Walt Kowalski is a racist and bad-tempered old man who has recently lost his wife, is not respected by his family and lives in a neighbourhood of Asian families who want him out. His prized possesion is a '72 Gran Torino, that is not as integral to the movie as you'd expect. He defends his property from a Hmong gang one day that dared to break his garden gnomes, earning the gratitude of his neighbours, and slowly he comes to learn of their ways and customs aided by his new friend Sue and protege Thao.
Our Rating: 4/10 - usual over-hyped movie
Watchability: 1/10 - definitely not a DVD purchase
Contributed By: Jordan Taylor
- Country: Germany, USA
- Language: English | Hmong
- Runtime: 156
- Budget: $33,000,000
- Revenue: $148,095,302
- Production: Matten Productions
Walt is still coughing up blood so he visits the doctors, and is angry to see so many different ethnicities in the waiting room, and that his old doctor has been replaced by a young Asian doctor.
Returning from work one day, Thao is beaten up by his cousin's gang. His tools are stolen and his face is burned by a cigarette. Walt waits outside the gang's house and then confronts the fat one, beating him up and warning him to stay away from Thao.
The plan doesn't work. A day or two later the gang perform a drive-by on Thao's home. The family are largely unharmed - although Thao's neck was grazed by a round. They are frantic as Sue hasn't returned from her Aunt's house. Later she shows up - and has been badly beaten and raped.
Walt is furious. In his own home he starts to smash and punch through the cupboards in anger. The priest shows up as he heard what happened, and in an empathetic way he shares a beer with Walt. Finally they both respect each other.
Thao calls by Walt's home the next day, wanting revenge. Walt has a plan and tells Thao to return later. First he gets a new haircut, buys a tailor made suit, and attends confession at church. The priest knows something is up and waits with police officers outside the gang house.
Walt returns home, he gives Thao his medal for bravery, but then locks him in the cellar to keep him out of harm's way. Walt then delivers his dog to the care of his neighbour, and on the way to the hideout phones Sue to tell her to free her brother.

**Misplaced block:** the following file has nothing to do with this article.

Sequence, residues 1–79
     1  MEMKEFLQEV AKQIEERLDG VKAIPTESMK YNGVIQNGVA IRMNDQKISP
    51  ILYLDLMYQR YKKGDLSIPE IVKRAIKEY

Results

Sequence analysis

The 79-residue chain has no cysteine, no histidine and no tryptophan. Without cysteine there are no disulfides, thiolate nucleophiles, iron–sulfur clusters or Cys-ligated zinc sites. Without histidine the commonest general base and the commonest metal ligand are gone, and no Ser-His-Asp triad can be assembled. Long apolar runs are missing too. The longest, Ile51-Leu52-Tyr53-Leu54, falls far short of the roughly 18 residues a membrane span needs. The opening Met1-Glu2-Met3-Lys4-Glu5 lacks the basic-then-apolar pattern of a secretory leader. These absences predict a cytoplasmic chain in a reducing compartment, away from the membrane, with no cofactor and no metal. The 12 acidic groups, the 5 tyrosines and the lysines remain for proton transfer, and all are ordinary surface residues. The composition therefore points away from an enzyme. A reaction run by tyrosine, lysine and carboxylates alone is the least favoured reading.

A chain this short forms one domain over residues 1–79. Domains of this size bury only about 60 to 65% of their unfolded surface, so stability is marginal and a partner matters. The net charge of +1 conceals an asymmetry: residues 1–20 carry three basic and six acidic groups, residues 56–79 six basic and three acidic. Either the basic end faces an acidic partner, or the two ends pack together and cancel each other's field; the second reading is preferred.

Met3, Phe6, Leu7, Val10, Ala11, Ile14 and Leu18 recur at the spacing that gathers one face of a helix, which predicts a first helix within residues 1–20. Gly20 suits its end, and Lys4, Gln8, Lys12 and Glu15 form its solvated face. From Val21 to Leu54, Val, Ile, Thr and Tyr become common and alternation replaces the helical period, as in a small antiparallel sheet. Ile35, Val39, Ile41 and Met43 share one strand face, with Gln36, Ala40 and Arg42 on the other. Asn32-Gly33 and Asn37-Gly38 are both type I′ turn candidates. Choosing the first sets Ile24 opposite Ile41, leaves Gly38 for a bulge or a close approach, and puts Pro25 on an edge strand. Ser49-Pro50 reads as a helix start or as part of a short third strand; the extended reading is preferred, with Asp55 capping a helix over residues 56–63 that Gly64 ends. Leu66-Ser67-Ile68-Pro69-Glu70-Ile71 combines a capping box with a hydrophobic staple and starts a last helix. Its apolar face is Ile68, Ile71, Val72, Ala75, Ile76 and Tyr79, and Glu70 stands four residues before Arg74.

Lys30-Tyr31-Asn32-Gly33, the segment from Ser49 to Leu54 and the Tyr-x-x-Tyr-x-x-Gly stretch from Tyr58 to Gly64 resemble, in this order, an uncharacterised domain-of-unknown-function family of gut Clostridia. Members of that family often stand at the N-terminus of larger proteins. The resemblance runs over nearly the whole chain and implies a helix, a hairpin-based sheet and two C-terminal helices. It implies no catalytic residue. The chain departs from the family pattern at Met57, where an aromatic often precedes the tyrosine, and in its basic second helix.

The priest and the two officers leave the scene as they haven't seen any action. Walt waits for dark then approaches the house. The bad guys appear out of every window, with the ringleaders walking out onto the front porch.
Walt does that weird thing with his fingers where he pretends to shoot them. He has a crowd of people from other houses in the neighbourhood at this point. He then reaches into his pocket and the gang open fire. He dies instantly - with a lighter in his hand.
Sue and Thao make it to the scene to watch the gang members being led away, where they will be jailed for a long time ... unless they plea bargain to get a more important gang member put away, but that's for a different movie.
As it reaches the end, first there is a funeral service for Walt. The priest is leading it, and seems a changed man - much wiser and knowledgeable of life and death than a year or so earlier.
At the reading of the will, the greedy family wait to hear what their share will be - only to hear that the house has been donated to the church, as that's what his wife would have wanted, and the Gran Torino has been entrusted to Thao, providing he doesn't add any boy-racer mods to it. It ends with Thao driving away in the Torino to enjoy life, owing everything he has and will be to Walt's brave sacrifice.